The Algona Upper Des Moines from Algona, Iowa on January 17, 1957 · Page 19
Get access to this page with a Free Trial

The Algona Upper Des Moines from Algona, Iowa · Page 19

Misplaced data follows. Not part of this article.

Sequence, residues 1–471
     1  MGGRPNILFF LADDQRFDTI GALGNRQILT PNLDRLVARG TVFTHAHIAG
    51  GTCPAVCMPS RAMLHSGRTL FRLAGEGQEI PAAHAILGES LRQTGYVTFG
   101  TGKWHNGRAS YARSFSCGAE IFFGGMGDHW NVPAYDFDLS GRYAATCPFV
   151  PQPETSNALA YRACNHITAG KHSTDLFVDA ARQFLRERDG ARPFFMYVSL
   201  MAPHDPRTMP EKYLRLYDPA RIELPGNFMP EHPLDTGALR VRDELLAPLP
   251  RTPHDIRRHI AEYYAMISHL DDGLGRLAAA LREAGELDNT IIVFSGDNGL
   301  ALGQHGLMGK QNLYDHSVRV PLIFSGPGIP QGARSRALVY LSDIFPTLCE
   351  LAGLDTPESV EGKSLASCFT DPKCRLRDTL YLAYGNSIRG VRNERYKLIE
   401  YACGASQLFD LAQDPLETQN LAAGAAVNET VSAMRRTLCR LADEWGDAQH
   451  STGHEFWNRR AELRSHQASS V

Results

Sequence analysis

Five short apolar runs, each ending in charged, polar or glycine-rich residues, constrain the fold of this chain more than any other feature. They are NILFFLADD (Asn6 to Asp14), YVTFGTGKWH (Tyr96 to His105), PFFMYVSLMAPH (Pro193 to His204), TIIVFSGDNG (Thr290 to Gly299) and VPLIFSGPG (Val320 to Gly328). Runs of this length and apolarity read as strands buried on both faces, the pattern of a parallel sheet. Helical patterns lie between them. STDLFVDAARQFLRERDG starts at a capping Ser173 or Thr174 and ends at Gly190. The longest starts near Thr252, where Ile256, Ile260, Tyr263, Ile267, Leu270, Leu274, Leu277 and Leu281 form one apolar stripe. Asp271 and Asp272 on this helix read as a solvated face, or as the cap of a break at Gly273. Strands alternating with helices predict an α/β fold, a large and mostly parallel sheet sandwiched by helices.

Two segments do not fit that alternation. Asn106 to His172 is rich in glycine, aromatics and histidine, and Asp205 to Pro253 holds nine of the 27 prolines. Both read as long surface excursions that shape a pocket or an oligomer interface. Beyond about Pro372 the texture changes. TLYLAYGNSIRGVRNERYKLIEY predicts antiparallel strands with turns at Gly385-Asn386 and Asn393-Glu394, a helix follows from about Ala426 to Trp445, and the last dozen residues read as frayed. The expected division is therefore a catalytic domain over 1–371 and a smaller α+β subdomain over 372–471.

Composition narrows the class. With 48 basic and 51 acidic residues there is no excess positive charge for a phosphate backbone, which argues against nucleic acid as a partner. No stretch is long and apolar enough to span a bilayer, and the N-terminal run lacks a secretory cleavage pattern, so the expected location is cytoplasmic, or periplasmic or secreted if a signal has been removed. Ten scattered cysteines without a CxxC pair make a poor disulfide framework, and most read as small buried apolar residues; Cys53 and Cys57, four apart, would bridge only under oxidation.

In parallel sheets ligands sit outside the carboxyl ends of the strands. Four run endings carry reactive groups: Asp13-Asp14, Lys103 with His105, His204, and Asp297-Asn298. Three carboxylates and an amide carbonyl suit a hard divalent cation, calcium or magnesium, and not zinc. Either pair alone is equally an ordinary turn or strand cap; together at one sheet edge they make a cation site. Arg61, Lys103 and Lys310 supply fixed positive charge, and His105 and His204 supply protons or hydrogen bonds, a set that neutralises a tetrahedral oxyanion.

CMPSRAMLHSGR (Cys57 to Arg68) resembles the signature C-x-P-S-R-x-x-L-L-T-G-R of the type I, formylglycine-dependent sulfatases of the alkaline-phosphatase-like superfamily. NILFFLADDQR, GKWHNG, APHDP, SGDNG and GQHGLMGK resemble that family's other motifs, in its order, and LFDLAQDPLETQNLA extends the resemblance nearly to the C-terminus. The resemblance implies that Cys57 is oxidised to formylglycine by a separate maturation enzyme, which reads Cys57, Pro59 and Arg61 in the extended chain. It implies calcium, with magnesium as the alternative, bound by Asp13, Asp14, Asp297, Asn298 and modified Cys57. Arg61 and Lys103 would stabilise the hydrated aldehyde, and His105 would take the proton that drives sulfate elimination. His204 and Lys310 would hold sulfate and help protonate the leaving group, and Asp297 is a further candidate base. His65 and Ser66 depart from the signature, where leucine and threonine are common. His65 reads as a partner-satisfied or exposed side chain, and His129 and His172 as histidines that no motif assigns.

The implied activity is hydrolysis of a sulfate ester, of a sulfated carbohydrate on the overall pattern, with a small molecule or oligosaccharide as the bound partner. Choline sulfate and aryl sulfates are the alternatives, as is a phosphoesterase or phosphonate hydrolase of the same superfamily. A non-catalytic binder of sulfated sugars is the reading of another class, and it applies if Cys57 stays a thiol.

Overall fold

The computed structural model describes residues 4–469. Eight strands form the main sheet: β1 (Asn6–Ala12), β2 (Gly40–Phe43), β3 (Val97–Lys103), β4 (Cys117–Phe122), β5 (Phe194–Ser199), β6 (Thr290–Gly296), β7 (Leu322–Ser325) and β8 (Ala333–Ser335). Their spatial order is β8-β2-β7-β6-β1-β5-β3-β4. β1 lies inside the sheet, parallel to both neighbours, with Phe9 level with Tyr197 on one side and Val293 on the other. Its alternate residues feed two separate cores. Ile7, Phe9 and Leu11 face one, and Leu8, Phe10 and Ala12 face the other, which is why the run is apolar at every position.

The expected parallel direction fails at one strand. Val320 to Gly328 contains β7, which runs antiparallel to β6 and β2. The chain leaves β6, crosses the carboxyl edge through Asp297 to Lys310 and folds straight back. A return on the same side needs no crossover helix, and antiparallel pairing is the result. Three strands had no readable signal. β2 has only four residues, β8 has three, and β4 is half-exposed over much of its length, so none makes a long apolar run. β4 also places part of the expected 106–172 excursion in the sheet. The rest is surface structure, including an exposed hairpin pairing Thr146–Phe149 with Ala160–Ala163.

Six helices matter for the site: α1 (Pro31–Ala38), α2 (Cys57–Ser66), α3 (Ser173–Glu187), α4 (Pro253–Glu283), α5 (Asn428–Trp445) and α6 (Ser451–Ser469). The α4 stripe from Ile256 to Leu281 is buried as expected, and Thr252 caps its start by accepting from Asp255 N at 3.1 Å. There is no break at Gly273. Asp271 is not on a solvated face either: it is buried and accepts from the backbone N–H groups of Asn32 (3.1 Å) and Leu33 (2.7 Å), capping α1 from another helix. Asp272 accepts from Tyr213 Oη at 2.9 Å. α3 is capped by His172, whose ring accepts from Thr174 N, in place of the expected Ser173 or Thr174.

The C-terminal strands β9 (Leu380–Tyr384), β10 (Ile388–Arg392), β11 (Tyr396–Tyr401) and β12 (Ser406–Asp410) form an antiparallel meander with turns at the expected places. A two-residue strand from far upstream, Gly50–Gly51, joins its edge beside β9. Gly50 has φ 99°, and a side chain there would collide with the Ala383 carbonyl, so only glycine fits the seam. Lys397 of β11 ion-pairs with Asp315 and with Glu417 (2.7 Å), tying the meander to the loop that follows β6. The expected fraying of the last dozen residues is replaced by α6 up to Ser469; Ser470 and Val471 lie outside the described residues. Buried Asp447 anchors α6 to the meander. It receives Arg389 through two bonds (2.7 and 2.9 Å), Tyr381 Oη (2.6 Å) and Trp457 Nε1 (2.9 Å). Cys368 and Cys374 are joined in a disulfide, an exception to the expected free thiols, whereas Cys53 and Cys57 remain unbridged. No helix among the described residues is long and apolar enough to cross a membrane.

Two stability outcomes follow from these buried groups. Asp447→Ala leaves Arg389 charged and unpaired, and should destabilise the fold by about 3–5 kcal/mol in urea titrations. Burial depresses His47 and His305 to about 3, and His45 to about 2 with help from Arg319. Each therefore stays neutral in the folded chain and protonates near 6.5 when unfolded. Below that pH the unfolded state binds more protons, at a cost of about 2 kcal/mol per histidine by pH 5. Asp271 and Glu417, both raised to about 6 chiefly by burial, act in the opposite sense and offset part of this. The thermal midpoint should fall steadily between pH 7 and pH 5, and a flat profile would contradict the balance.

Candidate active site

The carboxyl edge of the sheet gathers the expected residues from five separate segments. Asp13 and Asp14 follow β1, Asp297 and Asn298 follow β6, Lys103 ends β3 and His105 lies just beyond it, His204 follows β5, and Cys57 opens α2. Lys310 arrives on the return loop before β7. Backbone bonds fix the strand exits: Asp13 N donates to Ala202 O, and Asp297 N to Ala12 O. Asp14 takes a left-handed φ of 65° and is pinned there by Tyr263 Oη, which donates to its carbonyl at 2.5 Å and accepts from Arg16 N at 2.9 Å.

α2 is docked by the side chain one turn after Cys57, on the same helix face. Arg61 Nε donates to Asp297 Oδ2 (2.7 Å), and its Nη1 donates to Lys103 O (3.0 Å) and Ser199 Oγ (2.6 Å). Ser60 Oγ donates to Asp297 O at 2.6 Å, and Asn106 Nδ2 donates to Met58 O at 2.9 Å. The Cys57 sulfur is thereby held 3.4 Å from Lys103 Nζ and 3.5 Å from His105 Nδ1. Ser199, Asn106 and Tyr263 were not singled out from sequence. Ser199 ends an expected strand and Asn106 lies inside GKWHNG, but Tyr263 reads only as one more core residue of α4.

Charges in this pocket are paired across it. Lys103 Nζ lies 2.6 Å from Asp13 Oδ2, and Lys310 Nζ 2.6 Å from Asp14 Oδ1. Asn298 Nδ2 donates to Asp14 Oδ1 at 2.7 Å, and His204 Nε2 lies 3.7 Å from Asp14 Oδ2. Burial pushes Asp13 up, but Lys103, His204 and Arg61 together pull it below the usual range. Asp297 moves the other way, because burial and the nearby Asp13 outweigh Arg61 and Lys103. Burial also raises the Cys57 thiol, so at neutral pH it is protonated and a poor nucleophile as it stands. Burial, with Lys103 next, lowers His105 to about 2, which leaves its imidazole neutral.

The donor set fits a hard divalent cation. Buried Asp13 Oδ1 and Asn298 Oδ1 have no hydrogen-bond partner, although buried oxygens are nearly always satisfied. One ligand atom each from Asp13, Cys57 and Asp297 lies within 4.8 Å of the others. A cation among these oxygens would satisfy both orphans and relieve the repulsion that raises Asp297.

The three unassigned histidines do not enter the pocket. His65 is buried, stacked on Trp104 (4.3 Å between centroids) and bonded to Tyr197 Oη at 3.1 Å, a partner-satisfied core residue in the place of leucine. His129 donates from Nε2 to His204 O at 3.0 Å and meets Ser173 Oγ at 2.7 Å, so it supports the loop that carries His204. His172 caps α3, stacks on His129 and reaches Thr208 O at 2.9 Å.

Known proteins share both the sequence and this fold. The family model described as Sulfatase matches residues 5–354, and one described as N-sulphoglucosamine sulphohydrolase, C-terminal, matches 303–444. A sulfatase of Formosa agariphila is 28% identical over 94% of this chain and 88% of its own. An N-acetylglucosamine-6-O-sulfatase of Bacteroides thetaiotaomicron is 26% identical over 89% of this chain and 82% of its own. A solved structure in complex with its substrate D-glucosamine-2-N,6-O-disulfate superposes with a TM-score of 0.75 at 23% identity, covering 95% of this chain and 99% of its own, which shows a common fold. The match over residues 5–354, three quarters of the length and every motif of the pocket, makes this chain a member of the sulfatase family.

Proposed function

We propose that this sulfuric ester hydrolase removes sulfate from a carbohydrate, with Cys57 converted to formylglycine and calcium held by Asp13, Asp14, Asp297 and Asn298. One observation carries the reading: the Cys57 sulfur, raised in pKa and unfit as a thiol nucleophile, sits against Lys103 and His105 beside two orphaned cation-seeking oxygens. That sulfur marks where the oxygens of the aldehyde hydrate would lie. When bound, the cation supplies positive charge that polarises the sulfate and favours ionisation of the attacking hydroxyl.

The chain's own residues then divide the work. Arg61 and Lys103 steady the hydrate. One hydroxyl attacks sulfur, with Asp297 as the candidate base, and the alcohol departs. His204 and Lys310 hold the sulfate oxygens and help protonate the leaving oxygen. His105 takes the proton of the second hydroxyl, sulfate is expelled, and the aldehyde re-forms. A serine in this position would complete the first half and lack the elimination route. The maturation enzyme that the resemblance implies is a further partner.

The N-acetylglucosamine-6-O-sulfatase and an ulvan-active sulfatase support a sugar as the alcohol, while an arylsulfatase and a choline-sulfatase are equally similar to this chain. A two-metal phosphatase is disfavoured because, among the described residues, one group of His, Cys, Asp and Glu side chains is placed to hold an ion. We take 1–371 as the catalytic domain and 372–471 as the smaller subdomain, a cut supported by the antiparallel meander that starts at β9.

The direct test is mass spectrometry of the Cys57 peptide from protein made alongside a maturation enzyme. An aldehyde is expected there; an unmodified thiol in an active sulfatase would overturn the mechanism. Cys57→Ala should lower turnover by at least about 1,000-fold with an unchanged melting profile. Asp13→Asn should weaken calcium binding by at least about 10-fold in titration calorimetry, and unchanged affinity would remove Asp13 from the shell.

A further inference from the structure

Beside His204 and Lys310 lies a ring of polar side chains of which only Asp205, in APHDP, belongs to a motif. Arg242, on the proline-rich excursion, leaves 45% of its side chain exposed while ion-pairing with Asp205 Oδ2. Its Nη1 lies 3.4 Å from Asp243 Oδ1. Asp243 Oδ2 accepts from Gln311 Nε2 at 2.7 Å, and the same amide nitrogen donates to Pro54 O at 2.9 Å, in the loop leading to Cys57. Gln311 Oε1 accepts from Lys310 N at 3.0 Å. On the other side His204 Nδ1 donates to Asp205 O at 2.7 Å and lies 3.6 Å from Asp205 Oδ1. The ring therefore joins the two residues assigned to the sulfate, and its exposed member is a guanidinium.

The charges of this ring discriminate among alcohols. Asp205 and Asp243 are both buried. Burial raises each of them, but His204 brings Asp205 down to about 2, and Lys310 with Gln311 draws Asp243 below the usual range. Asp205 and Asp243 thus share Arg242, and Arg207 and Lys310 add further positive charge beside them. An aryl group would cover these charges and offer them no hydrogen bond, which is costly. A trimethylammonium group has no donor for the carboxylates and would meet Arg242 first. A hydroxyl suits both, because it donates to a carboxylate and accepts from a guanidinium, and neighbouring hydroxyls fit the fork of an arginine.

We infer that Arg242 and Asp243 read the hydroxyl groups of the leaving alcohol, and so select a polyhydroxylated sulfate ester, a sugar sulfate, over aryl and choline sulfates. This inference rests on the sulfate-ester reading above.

Algona, Iowa
Issue Date:
Thursday, January 17, 1957
Page 19
Start Free Trial